If there is a triple threat in scenic design, it may be David Korins. Known for an illustrious career in Broadway, TV and music, Korins was tapped to bring Dear Evan Hansen to visual life on stage.
His resumé includes Tony nominations for Hamilton and War Paint as well as designs for Bandstand, Misery, Motown, Vanya and Sonia and Masha and Spike, Annie, Bring It On, Magic/Bird, An Evening with Patti LuPone and Mandy Patinkin, Godspell, Chinglish, The Pee-wee Herman Show, Lombardi, Passing Strange and Bridge and Tunnel.
He’s transferred his considerable skills to the small screen in “Grease: Live,” which earned him an Emmy. And he has designed concerts for the likes of Bruno Mars, Lady Gaga, Kanye West, Sia, Mariah Carey, and Andrea Boccelli.
In tackling Dear Evan Hansen, he said, “Every design process has many steps — there is research involved, and ground plans, renderings, and models — but what was unique about the Dear Evan Hansen process was that I had an immediate visceral, emotional response to what I was seeing and hearing. I was trying to maintain this idea of people floating through a void, on tectonic plates of life with their own internal monologues and their own emotional space, while at the same time trying to connect to each other and the world around them.”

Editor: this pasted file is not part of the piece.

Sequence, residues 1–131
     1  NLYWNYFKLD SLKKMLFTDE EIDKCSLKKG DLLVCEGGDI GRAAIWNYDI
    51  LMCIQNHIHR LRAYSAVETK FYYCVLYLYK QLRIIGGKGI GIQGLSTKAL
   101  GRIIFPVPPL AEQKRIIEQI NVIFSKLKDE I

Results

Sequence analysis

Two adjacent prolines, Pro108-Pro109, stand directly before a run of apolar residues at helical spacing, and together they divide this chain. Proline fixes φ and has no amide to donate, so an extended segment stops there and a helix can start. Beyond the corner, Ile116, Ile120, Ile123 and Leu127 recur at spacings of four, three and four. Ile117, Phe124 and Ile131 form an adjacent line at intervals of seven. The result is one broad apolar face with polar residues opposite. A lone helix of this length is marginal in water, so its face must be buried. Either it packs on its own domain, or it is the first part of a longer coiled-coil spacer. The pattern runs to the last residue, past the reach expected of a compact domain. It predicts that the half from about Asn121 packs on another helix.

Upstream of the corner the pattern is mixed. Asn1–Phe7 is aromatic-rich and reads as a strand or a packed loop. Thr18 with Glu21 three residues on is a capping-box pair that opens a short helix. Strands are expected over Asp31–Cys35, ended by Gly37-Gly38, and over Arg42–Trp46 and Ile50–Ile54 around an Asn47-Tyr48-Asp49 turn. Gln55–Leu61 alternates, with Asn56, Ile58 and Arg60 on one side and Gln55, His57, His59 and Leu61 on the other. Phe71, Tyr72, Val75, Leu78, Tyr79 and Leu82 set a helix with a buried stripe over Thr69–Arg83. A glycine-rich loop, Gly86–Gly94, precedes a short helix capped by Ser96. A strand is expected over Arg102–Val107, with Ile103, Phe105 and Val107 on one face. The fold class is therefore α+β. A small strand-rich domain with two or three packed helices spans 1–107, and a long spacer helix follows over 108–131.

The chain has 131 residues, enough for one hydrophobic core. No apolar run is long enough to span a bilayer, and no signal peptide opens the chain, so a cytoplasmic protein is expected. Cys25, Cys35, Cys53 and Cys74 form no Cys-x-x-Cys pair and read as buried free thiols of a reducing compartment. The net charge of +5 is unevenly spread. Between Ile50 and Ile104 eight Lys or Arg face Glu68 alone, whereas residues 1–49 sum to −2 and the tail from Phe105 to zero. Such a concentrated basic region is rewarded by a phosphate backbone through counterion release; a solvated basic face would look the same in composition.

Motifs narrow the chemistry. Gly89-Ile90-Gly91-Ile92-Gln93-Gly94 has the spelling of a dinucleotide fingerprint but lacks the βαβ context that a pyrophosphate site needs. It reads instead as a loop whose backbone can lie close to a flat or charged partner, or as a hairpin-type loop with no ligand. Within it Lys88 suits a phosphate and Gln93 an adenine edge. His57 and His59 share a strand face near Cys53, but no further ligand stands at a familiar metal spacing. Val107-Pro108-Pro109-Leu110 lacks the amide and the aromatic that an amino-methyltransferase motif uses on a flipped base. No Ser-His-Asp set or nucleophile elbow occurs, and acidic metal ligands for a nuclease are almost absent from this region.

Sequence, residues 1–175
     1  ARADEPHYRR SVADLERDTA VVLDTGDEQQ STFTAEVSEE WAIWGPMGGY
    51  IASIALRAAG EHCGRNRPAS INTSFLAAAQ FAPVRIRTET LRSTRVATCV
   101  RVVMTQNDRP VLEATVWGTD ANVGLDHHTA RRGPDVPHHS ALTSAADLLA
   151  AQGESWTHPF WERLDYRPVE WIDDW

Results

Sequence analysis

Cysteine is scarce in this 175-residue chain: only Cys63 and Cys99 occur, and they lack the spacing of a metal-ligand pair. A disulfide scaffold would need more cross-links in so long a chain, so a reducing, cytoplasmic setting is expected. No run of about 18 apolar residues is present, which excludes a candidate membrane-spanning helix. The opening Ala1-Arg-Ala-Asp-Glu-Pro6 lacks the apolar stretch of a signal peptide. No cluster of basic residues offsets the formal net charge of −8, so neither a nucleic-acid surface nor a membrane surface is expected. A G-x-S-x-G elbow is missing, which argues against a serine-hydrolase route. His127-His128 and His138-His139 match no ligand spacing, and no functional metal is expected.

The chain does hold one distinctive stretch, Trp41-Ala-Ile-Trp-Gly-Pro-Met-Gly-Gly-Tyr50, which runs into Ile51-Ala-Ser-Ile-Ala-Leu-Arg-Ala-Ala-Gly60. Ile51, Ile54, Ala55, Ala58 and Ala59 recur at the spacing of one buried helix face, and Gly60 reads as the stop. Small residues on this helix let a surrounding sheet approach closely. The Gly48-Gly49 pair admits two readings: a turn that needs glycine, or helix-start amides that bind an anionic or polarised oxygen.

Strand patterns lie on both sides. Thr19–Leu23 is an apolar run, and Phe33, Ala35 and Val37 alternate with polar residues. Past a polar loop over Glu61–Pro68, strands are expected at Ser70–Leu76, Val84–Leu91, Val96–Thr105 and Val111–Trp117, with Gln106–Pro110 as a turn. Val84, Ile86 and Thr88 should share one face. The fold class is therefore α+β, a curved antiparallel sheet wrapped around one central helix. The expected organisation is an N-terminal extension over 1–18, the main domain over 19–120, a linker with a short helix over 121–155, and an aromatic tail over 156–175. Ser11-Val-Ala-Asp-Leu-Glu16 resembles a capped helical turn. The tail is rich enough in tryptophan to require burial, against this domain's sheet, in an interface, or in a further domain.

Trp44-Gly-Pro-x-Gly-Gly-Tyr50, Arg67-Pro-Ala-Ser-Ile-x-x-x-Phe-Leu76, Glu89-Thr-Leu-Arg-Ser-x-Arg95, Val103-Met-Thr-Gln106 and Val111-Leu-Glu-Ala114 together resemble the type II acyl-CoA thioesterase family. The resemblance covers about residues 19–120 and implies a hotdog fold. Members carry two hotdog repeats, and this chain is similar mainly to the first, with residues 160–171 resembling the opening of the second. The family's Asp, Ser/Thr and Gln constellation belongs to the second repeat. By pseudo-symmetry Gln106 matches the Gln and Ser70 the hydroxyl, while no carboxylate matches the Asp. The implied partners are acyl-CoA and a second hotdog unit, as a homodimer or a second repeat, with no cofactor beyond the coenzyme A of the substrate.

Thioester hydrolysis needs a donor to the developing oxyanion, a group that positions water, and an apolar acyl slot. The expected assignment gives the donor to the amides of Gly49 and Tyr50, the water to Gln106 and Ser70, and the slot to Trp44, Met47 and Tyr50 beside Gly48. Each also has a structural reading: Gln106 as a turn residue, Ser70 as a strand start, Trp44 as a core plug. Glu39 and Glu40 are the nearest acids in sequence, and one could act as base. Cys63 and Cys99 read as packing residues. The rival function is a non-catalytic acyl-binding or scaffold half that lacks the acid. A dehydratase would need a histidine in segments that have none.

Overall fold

Here you can see his sketch-to-stage evolution. It illustrates the separate journeys of the characters that, upon further reflection, converge until Evan realizes that he is not alone, has never been alone and, in fact, he has been found.
David Korins’ initial sketch for the Dear Evan Hansen set.
A small-scale set model indicates separate space for the characters.
The model is recreated to illustrate how the stage lighting and projections will enhance the action on the set.
Korins’ design is brought to life in the initial production of Dear Evan Hansen at the Music Box Theatre on Broadway.